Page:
Step into a recording studio, and you'll notice that the interior walls are covered in fabric, or baffles are placed throughout the room. The purpose for them is to stop the sound from reverberating. The same theory holds true in your home. Hard surfaces cause sound to bounce around -- and to echo. Your beautiful modern home, with its high ceilings, stone flooring, walls of windows, and modern furnishings may please your visual senses, but your sense of sound won't be pleased until the echo is tempered.

Flooring Choices

Cork is a hard, but porous flooring material that absorbs sound. The sound waves travel through the air before sinking into the holes that make up the cork, which are part of the cork's cellular structure. As the sound penetrates the cork, it's broken up. Echos are diminished by this sustainable flooring that was popularized in the early 20th century by Frank Lloyd Wright.

Area rugs or carpeting are another detriment to echoes. The fibers of the rug absorb sound, and when placed atop good-quality padding, the effect is even greater. Use the area rugs as runners in the hallways and to cover the floors in large open spaces. The sound of footsteps and voices diminish with scattered rugs as well as wall-to-wall carpeting.

Laminate floors are a sound reducer, and they work best when a sub-floor of cork or a sound-reducing film is laid underneath the planks. Without the sub-flooring, laminate floors sound like linoleum when walked on, creating more of an echo.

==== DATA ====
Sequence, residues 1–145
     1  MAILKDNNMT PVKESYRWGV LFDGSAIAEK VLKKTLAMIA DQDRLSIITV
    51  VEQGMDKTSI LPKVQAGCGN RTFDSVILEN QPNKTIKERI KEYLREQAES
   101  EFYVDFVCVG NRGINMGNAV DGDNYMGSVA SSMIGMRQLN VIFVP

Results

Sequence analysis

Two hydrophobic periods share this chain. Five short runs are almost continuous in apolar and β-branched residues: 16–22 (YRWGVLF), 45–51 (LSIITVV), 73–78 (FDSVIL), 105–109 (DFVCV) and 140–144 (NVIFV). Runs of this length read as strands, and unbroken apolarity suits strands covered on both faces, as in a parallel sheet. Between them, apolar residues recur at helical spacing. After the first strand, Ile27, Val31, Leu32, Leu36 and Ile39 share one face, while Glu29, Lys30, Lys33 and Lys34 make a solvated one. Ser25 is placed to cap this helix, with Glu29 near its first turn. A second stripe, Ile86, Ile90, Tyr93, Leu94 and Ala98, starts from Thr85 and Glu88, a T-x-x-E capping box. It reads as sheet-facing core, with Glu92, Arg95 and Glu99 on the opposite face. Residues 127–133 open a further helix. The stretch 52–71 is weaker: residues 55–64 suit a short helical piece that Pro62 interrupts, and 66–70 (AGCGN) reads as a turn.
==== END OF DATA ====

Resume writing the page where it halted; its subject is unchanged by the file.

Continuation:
Upholstery Considerations

Modern leather furniture looks good, but it does nothing to reduce the echoes that bounce around your home. Sound reduction needs fabric. Complement your leather sofa with side chairs covered in wide-welt corduroy, a soft, loose-weave tweed, cushy velvet or even cashmere. All are effective sound-absorbing fabrics.

Draperies or Blinds

Floor-length draperies help trap sound, eliminating its echo.

  • A padded valance on top is an additional sound absorbent.
  • Maintain your wall of windows and the view by using the draperies at night and a light sheer panel during the day. The sheer will also help diminish the sound.
  • If you prefer Roman shades or honeycomb blinds, be sure they're made of fabric.
  • Louvers only add to the echo, unless they're covered with fabric.


Covering the walls is a key to reducing echoes. However, art covered in glass creates another hard surface for sound to bounce off.

  • Consider canvas art, in which an air pocket forms between the art and the wall. This, too, prevents echoes.
  • Tapestries and woven art also work to reduce echoes.